Radio KDNA was not established overnight, but rather took several years to create. Beginning in September 1975, a grassroots committee titled the “Northwest Chicano Consilio” contacted FM radio stations in Washington, Oregon, and Idaho with the intent of creating a Tri-state Subsidiary Communications Authority. They constructed a small radio studio in Lynden, Washington and designed informational campaigns by taping Spanish-language public service announcements, public affairs programs, and educational services for migrants and seasonal agricultural workers.4
The efforts of the Northwest Chicano Consilio resulted in the Northwest Chicano Radio Network (NCRN), a station that was officially incorporated in 1976 under contract with KRAB FM of Seattle. According to KDNA Station Manager, Gabriel Martinez, “During this time NCRN submitted an application to the Federal Communications Commission (FCC) for a construction permit to build a non-commercial educational FM radio station. After realizing the cost for calling from Seattle to Granger [lower Yakima Valley] to send news feeds was expensive and because the Yakima Valley was the home of many farm workers NCRN decided the station should be in Eastern Washington.”5
After its establishment, members of the NCRN requested facility space from Northwest Rural Opportunities (NRO) in Granger, Washington. In 1977, The NRO agreed to lend NCRN the space, as long as they created a career-training program to train farm workers in radio broadcasting. NCRN built studios on the grounds of the NRO headquarters, with the FCC finally granting the station a license on October 29, 1979 and the call letters “KDNA” for “Cadena.”6 At noon on December 19, 1979, with the aid of staff and volunteers, KDNA 91.9 FM went on the air, effectively bringing the struggle for farm worker justice and social equity to the airwaves. Radio KDNA would soon become “la voz del campesino/the voice of the farm worker,” providing Latino/as and other minorities an avenue of communication.7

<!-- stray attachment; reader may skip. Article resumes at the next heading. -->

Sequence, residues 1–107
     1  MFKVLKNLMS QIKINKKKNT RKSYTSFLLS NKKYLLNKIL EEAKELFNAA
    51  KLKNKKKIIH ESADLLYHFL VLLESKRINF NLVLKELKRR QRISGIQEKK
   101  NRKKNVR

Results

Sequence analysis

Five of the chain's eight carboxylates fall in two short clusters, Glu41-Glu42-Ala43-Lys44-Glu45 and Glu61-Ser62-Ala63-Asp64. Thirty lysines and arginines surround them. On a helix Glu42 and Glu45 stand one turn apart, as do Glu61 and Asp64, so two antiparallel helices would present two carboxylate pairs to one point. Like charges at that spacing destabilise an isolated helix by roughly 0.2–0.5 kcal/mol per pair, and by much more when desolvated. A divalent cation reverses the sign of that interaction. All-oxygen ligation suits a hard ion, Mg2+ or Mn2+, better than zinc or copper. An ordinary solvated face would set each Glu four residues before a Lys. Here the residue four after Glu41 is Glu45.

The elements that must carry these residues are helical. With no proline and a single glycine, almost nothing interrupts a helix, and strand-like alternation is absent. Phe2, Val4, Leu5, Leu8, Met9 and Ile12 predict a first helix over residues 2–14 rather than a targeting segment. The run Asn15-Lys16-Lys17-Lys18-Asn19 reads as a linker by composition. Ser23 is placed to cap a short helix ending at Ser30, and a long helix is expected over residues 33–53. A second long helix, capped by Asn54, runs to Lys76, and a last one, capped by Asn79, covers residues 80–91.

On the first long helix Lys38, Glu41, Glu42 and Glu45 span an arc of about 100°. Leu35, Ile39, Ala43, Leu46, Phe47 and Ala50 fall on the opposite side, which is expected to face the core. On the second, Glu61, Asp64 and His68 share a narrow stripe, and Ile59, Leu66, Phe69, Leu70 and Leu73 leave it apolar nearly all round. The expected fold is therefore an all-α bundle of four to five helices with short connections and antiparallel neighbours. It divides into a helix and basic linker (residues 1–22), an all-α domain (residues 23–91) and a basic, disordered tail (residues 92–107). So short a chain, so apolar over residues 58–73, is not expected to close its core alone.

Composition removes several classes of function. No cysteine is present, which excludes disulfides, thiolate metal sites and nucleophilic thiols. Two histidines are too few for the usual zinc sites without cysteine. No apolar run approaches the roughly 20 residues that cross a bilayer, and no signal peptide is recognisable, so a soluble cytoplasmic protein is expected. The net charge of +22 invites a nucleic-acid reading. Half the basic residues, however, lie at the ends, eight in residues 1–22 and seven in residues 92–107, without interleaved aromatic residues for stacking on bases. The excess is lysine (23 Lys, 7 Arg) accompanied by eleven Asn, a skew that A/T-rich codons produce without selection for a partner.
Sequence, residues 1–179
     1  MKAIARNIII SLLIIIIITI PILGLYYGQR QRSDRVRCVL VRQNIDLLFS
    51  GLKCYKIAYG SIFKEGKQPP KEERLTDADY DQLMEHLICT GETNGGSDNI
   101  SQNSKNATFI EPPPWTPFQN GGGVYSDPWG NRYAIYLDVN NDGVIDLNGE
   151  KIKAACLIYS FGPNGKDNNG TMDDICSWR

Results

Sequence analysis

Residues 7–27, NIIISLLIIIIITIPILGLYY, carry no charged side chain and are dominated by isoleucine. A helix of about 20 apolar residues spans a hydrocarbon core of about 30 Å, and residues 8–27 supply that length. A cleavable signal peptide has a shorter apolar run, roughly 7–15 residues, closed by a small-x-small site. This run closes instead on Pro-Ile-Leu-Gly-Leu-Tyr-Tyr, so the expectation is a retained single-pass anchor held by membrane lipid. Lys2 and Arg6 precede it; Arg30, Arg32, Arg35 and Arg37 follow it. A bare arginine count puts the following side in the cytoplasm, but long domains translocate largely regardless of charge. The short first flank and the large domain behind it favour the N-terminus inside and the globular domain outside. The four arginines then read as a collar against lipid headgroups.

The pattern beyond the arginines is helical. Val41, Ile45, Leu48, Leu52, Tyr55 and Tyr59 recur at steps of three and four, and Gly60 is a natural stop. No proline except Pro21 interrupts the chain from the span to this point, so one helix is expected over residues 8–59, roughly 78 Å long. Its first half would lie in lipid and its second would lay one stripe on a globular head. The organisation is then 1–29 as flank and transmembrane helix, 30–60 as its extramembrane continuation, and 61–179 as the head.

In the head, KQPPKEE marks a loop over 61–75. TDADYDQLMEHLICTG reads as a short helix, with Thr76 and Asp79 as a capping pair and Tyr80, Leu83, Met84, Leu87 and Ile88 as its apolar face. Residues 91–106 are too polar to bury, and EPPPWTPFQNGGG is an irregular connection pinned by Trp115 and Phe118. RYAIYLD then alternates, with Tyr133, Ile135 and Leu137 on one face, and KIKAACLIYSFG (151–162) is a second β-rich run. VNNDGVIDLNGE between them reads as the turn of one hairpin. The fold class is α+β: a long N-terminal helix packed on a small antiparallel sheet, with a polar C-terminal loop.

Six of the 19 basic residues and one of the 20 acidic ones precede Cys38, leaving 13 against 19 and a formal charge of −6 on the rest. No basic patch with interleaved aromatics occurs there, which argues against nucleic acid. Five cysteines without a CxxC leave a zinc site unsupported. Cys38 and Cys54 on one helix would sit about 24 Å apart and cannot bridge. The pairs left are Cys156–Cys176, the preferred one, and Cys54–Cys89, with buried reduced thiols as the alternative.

In anticipation of the unprecedented activity not only in the Yakima Valley, but also in the Pacific Northwest, the Yakima Herald Republic ran a front-page article on the radio station. In this article, Rosa Ramón, the station’s manager (one of the few Chicanas in the country to hold such a post) expressed the station’s larger focus when she noted that there would also be programs in English: “We don’t want to be limited to Spanish speaking listeners….we also want to serve the black, Filipino, Yakama Indian and Anglo populations.” In addition, the Yakima Herald-Republic also mentioned that “[a]n advisory board, made up of representatives from various cultural backgrounds, has been formed to ensure the radio station keeps in touch with the valley’s different ethnic communities.”8